## Solution #004 - solvability of the water buckets

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This post contains my proposed solution to Problem #004 - solvability of the water buckets. Please do not read this solution before making a serious attempt at the problem.

### Solution

A possible solution is to consider a clever invariant that applies to the amount of water that each bucket is holding at any point in time. To make this easier, let's call $$d$$ to the greatest common divisor of the $$c_i$$, $$i = 1, \cdots, n$$ ($$d = \gcd(c_1, \cdots, c_n)$$). Let's also say the amount of water in bucket $$i$$ is $$w_i$$. We will show that, regardless of the moves we make, $$w_i$$ is always a multiple of $$d$$ for all $$i$$ (which we write $$d | w_i$$ for _"$$d$$ divides $$w_i$$"_).

At the start all buckets are empty, so $$w_1 = \cdots = w_n = 0$$ and $$0$$ is a multiple of $$d$$ so that is that. Now we show that the three moves above preserve this property that $$d | w_i\ \forall i$$.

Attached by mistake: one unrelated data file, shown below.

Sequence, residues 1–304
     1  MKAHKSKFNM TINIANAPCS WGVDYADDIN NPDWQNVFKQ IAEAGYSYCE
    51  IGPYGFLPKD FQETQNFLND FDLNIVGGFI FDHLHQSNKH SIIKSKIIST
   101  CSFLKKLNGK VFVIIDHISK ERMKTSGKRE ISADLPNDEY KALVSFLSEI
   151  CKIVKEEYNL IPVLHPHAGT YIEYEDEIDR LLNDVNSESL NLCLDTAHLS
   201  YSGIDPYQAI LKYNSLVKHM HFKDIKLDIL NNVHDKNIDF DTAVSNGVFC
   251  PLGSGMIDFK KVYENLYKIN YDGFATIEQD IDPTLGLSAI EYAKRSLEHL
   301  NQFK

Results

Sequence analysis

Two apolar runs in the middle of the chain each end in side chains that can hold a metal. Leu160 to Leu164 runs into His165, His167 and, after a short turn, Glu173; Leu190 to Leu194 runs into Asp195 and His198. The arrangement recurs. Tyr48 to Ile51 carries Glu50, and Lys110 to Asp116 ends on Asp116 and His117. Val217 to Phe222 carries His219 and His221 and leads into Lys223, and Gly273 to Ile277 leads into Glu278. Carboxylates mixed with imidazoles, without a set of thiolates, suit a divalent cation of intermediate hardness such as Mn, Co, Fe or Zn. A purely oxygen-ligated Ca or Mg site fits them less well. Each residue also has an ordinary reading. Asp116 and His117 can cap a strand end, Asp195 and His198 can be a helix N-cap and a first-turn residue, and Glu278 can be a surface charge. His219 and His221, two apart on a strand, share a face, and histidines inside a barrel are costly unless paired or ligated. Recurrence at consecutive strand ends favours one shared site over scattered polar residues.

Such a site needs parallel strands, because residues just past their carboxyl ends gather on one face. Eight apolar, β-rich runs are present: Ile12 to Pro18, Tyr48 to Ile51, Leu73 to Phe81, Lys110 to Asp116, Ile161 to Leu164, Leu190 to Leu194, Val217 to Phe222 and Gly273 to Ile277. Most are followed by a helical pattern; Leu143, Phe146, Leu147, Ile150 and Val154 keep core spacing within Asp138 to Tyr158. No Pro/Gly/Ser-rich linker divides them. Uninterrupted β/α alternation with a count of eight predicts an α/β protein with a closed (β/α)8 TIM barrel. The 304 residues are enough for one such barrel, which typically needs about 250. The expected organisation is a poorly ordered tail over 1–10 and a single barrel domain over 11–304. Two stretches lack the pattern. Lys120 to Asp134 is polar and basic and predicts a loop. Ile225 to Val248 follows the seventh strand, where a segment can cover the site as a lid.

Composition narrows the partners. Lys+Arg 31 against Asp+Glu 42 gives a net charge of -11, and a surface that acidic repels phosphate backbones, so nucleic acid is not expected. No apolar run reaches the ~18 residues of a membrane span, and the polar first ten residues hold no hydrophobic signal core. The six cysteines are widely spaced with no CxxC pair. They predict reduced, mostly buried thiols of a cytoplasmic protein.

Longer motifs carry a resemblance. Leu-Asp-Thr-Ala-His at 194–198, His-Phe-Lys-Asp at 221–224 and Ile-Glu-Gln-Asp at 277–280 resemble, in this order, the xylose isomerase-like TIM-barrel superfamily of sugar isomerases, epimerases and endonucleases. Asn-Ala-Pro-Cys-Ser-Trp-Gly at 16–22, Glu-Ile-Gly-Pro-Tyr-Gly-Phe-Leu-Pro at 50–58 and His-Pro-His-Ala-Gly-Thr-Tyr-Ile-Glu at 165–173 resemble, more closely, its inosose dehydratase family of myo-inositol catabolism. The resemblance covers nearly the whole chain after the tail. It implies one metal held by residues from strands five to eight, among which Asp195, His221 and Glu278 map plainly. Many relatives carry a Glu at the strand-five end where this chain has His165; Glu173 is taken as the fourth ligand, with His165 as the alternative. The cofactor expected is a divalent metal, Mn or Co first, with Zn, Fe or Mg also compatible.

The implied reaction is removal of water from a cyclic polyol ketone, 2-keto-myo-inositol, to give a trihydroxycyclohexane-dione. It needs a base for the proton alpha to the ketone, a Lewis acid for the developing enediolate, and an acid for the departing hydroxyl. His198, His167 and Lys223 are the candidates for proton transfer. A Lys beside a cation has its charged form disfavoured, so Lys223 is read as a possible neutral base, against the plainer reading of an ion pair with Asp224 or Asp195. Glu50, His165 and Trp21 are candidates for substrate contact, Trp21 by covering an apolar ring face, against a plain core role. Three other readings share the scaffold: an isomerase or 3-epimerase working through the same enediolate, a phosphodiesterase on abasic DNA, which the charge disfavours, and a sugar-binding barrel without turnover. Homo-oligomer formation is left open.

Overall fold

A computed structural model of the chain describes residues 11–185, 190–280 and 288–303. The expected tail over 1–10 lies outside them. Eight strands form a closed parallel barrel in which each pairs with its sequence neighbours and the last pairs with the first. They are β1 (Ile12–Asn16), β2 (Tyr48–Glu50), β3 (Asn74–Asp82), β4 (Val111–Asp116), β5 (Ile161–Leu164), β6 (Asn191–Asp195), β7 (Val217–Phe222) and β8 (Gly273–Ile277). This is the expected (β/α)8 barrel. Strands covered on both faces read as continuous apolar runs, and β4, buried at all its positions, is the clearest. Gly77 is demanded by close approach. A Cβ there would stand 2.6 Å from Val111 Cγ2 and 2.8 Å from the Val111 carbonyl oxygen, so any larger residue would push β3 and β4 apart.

• Emptying bucket $$i$$: this means $$w_i = 0$$ and $$d | 0$$ so everything is good;
• Filling bucket $$i$$: this means $$w_i = c_i$$ but, by definition, $$d$$ is a divisor of $$c_i$$ so certainly we have $$d | c_i$$;
• Moving water from bucket $$i$$ to bucket $$j$$ until either bucket $$i$$ becomes empty or bucket $$j$$ becomes full, whatever happens first: before we move water around we have that $$d | w_i$$, $$d | w_j$$ so we can say that $$w_i = k_i d$$ and $$w_j = k_j d$$ for some integer values of $$k_i, k_j$$. Now when we start moving the water, we have to analyze what happens depending on whether bucket $$i$$ becomes empty and $$j$$ is not full yet or bucket $$j$$ becomes full while $$i$$ possibly has some water left:
• if bucket $$i$$ becomes empty then $$w_i = 0$$ and $$w_j = (k_i d) + (k_j d) = (k_i + k_j) d$$; $$d | 0$$ and $$d | (k_i + k_j) d$$ so everything stays a multiple of $$d$$;
• if bucket $$j$$ got full, then $$w_j = c_j$$ and $$d | c_j$$, so this is ok; we just need to check if the amount of water left in bucket $$i$$ is a multiple of $$d$$ or not. Well, bucket $$j$$ had $$k_j d$$ water and now has $$c_j$$, so bucket $$i$$ gave $$c_j - k_j d$$ water to bucket $$j$$. If bucket $$i$$ had $$k_i d$$ water it now has $$w_i = k_i d - (c_j - k_j d)$$. But this is still a multiple of $$d$$ because $$c_j$$ was! We can write $$c_j = k d$$ with $$k$$ integer, showing that $$w_i = k_i d - (c_j - k_j d) = d(k_i - k + k_j)$$ is a multiple of $$d$$!

We showed that no matter what we do, the amount of water in a bucket is always a multiple of $$d$$, so if $$t$$ is not a multiple of $$d$$ this means we can never have a single bucket holding $$t$$ litres of water...